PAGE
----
To give a bit more context, enterprise software systems of today are designed to discard almost every digital breadcrumb except the final transactional output. Because of limitations of computing and storage that existed at the time these systems were developed, programmers built the system to intentionally discard transitional data and contextual information. While most businesses have some sort of Business Intelligence (BI) program and a data warehouse and think things are rosy, they are not. Keeping with the food analogy, think of it this way: after business is done serving up a whole Thanksgiving dinner, the only digital record is a single byte of information regarding the color (but not even the exact shade) from one dot of icing on one cookie. That simply won’t do. That is data poverty and data malnutrition.
The Bottom-line: Move over automation, the real task at hand is saving our data souls
The next big thing is going to be all about data: data forms, data formats, data structures, data strategies, data storage, data management (a field unto itself), human-machine interaction digitization strategies, data user, data context, data content, data fabric (a new term), data seeding, data landing, ACID testing, semantic data mapping, ontological structure imposition, Automatic Identification and Capture (AIDC), data governance, data cleanliness, and a whole host of new things known today only by experts. A new set of words and tools will likewise enter our business vocabulary: Hive, Mahout, Presto, Sqoop, Flume, Thrift, Hama, Oozie, Impala, Docker, Hbase, micro-service, Avro, Box, Kafka, Chukwa, Mongo, Dremel and Drill and Sawzall (not hand tools!), Pig, Cassandra, and Storm.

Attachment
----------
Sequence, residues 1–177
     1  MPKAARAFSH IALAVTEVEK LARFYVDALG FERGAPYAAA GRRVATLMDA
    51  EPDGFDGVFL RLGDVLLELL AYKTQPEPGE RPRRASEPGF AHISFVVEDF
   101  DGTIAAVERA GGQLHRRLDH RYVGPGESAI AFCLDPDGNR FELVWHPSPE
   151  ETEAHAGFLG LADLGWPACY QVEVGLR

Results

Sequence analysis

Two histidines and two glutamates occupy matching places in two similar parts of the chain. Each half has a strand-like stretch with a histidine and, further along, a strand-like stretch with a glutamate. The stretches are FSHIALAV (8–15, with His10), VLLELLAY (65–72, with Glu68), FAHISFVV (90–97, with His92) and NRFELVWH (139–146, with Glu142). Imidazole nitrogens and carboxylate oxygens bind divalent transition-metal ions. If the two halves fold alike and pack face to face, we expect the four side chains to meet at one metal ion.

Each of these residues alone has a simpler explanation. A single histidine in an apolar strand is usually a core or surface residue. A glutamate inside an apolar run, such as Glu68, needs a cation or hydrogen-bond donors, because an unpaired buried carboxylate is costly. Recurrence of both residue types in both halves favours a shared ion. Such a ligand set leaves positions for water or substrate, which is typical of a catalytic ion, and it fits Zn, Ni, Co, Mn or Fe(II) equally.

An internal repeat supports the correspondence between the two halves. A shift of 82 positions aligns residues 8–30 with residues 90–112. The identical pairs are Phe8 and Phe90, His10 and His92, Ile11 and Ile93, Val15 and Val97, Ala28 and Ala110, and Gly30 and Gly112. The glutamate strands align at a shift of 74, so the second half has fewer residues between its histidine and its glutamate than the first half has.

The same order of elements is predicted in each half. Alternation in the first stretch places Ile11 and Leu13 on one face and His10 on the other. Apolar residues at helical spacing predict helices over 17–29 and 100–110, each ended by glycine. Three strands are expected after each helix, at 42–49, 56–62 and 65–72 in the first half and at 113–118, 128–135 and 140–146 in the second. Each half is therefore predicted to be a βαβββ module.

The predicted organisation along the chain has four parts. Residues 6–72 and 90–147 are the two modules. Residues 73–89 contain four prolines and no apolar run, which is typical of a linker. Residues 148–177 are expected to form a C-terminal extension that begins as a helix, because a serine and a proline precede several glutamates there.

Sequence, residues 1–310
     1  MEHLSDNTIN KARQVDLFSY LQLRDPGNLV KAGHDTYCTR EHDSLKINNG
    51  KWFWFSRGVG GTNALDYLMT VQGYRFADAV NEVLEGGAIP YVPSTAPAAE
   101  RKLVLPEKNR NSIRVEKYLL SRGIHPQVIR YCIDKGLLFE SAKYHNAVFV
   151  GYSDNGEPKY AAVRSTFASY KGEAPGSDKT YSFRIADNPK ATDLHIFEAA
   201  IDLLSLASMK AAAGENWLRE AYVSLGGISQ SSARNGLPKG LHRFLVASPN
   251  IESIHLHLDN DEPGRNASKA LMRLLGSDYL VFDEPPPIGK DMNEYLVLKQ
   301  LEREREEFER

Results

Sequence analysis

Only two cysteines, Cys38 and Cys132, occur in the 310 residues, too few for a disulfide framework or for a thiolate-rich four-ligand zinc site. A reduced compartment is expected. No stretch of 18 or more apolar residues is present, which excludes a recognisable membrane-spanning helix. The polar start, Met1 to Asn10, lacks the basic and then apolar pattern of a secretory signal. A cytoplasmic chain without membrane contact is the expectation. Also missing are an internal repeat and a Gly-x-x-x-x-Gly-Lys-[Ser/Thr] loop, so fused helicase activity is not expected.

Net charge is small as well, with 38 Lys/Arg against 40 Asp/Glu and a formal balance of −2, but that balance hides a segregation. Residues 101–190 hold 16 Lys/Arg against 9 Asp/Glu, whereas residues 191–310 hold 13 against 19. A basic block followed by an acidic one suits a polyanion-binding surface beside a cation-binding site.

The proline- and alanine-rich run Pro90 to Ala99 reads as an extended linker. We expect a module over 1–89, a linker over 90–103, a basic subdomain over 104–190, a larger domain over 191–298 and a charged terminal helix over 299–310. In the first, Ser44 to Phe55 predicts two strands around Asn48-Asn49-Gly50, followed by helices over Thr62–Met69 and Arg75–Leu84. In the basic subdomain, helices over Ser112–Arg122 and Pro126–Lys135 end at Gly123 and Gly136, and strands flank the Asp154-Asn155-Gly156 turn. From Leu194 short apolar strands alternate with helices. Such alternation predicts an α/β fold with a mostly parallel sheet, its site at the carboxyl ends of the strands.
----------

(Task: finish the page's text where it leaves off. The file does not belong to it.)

I realize that all sounds like a crap load of confabulation, but that too is a term we will get to know and hate. Confabulation: The act of making an intuition-based decision appear to be data-based.
So folks, grab your Dockers with both hands, the Storm is coming, and there’s no Presto button to catch this greased Pig. If you didn’t find a little humor in that, it probably means you are suffering from the data scientist scarcity like most of the global industry. Current estimates say we are short by 200,000 data scientists in 2017. These folks currently make an average of $113k in suburban areas and command $200k in dense metro areas.
Move over automation. We need to save our data malnourished companies… and quickly!
Lee Coulter (pictured right) is currently senior vice president at Ascension and the chief executive of Ascension’s Shared Services Subsidiary. Lee is the 2016-2017 Chairman, HfS Sourcing Executive Council (SEC); Co Chair, World BPO/ITO Forum; Global Steering Committee member Shared Services and Outsourcing Network (SSON); and Chair, IEEE CIS Working Group on Standards in Intelligent Process Automation. In his 30 years in the SSO industry, he has worked in senior leadership roles for GE, Kraft, Aon, and Ascension.